But let us return to René Lévesque. During this period he is not only the Prime Minister of Quebec but, as the charismatic leader of the separatist Parti Québecois, also a role model for many Catholic Francophones, most probably even a sort of father figure. Against this background it is more than astonishing that Legendre does not once mention Lévesque’s name in his book. The only time he refers to René Lévesque it is as the “Prime Minister” . For his readers the latter therefore remains anonymous. His name: ‘Lévesque’, is not listed in the index, nor is the (maiden) name of Lortie’s wife: ‘Levesque’. Legendre does not seem to attach any importance to these names, which are phonetically identical. Only towards the end of his preface for the new edition does he mention the autobiographical account of Lortie’s “ex-wife” at all, which allegedly would not contribute anything to the case, the trial or its outcome. And only in the last footnote, i.e. not in the main text, and apparently for the sole reason of having to provide the bibliographical reference for her account and thus the title of Fournier’s book, does he mention her full name: Lise Levesque. If one ignores the only difference between the two names, the missing acute or sharp accent, the accent aigu, in Lise’s maiden name, then Lortie’s attack was obviously directed at both the political father figure of his time as well as at his father-in-law and the latter’s family (including Lise). How could Legendre, whose interpretation is indeed based on the – symbolic – patricide and thus, according to Lacan, on the murder of the Name-of-the-Father, overlook the reference to the name of Lortie’s father-in-law, which is phonetically identical to the name of the Prime Minister, the main representative of the government of Quebec, so to speak its face? Was it – symptomatically – because, as Martin Stingelin has poignantly remarked, Legendre, as a result of his own name: le gendre (which literally means son-in-law) was himself in the symbolic position of the son-in-law? And maybe also because his personal logic of filiation failed as he was in vain asking for the hand of the daughter of his intellectual father Lacan? Did he want to keep quiet the political dimension of the case? Or does Legendre merely marginalise a later source, the account of Lortie’s ex-wife, which could have potentially interfered with his, at times, highly apodictic argumentation?
In any case, Legendre could have learned some significant aspects from Lise Levesque’s account: that the prime minister René Levesque was indeed her father’s “second cousin” and that “the two had met several times during their childhood” – and that Denis, for precisely this reason, once showed himself to be highly discontented towards Lise, both because “Quebec’s Prime Minister bore the name Lévesque” and because of the family ties between the Prime Minister and Lise’s family: “Although these ties with the Prime Minister were extremely loose, they seemed to bother my husband Lortie no less.” In contrast to his brother’s family, Lise’s father’s family had abandoned in an earlier generation the “accent aigu”, the acute or sharp accent also present in the Prime Minister’s surname. The explanation offered by Lise’s account sounds like a typical romance novel or a family myth which possibly conceals something. It invites speculation regarding a potential marital infidelity between two related couples of the Lévesque family. Lise says:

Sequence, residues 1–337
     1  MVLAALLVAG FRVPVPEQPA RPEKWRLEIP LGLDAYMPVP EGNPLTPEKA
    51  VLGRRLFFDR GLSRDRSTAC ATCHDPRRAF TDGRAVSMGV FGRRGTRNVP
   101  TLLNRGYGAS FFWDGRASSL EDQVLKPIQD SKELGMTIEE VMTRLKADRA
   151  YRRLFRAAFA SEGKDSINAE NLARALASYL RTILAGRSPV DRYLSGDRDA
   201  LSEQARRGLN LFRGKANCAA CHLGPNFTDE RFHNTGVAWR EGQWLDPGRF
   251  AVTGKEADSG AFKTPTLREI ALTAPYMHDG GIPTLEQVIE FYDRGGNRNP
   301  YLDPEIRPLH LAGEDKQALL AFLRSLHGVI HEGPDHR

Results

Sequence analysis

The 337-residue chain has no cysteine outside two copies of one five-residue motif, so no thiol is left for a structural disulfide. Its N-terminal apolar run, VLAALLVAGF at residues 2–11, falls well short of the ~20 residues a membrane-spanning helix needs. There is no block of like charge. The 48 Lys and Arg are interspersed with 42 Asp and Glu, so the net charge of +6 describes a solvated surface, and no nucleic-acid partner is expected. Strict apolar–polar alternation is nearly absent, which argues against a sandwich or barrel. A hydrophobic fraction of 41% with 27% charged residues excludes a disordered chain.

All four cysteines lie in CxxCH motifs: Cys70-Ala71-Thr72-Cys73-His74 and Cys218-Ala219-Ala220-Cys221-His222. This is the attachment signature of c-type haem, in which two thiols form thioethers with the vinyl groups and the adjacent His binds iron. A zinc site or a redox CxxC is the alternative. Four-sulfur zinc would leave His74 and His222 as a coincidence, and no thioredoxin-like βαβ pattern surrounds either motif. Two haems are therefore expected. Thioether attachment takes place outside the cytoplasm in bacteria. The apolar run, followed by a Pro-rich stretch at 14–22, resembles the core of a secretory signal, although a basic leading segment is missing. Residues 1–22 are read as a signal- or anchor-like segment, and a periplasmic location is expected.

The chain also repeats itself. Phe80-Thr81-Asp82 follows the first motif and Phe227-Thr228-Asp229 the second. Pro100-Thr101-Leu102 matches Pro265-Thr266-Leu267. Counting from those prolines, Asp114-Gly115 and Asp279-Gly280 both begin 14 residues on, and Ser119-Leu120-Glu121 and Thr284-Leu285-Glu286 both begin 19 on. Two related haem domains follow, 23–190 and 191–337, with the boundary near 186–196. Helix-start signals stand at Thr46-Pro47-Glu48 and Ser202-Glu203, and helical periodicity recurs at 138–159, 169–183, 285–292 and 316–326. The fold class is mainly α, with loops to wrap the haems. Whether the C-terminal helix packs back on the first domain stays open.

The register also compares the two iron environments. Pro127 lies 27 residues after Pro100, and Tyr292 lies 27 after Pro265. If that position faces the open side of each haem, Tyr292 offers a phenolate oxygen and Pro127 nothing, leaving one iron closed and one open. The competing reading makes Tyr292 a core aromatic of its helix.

“I am thus a born Levesque. Levesque, not Lévesque. Without the accent, please. My father already told me that there was a time when Levesque and Lévesque were one and the same family. When everyone was still called Lévesque, two brothers, after they were married, had the brilliant idea to give their children the same first names. As the two families were large in numbers, they soon found themselves with many pairs of children, who had the same first and last names. There was evidently no question of changing all these first names. Thus one of the two fathers Lévesque found a solution for all this confusion they had created: to give up his accent aigu! It is from him that my father is descended… unfortunately, because not a single day goes by without us being confused with the Lévesques. We therefore have not really made that much progress with the double first names of the original brothers!”
Lise’s assessment may be correct. In any case, in this ‘single trait’ (Freud), represented by the (missing) accent aigu on the ‘e’, the political and familial contexts of Denis’ crime converge. They converge into an extended family [levεk], which Denis had married into, and in which everyone, in particular all the fathers, could potentially be confounded, at least as long as one adhered to the audible. It is therefore not implausible that Lortie, who had already taken offense at the smallest connection between his wife and the Prime Minister, René Lévesque, had somehow found himself in a negatively transferred filial (in-law) relation with the latter. This could furthermore account for Denis’ rage at the already discussed incident with Sergent Chénier. As Fournier/Levesque also mention in this context, the reason Denis had given Chénier in his request for leave was to “settle his divorce”. Did Denis, through his looming attack, intend to pull out of the extended family [levεk]? And did he get so enraged because he encountered resistance from someone who suddenly turned out to be Francophone? This remains pure speculation.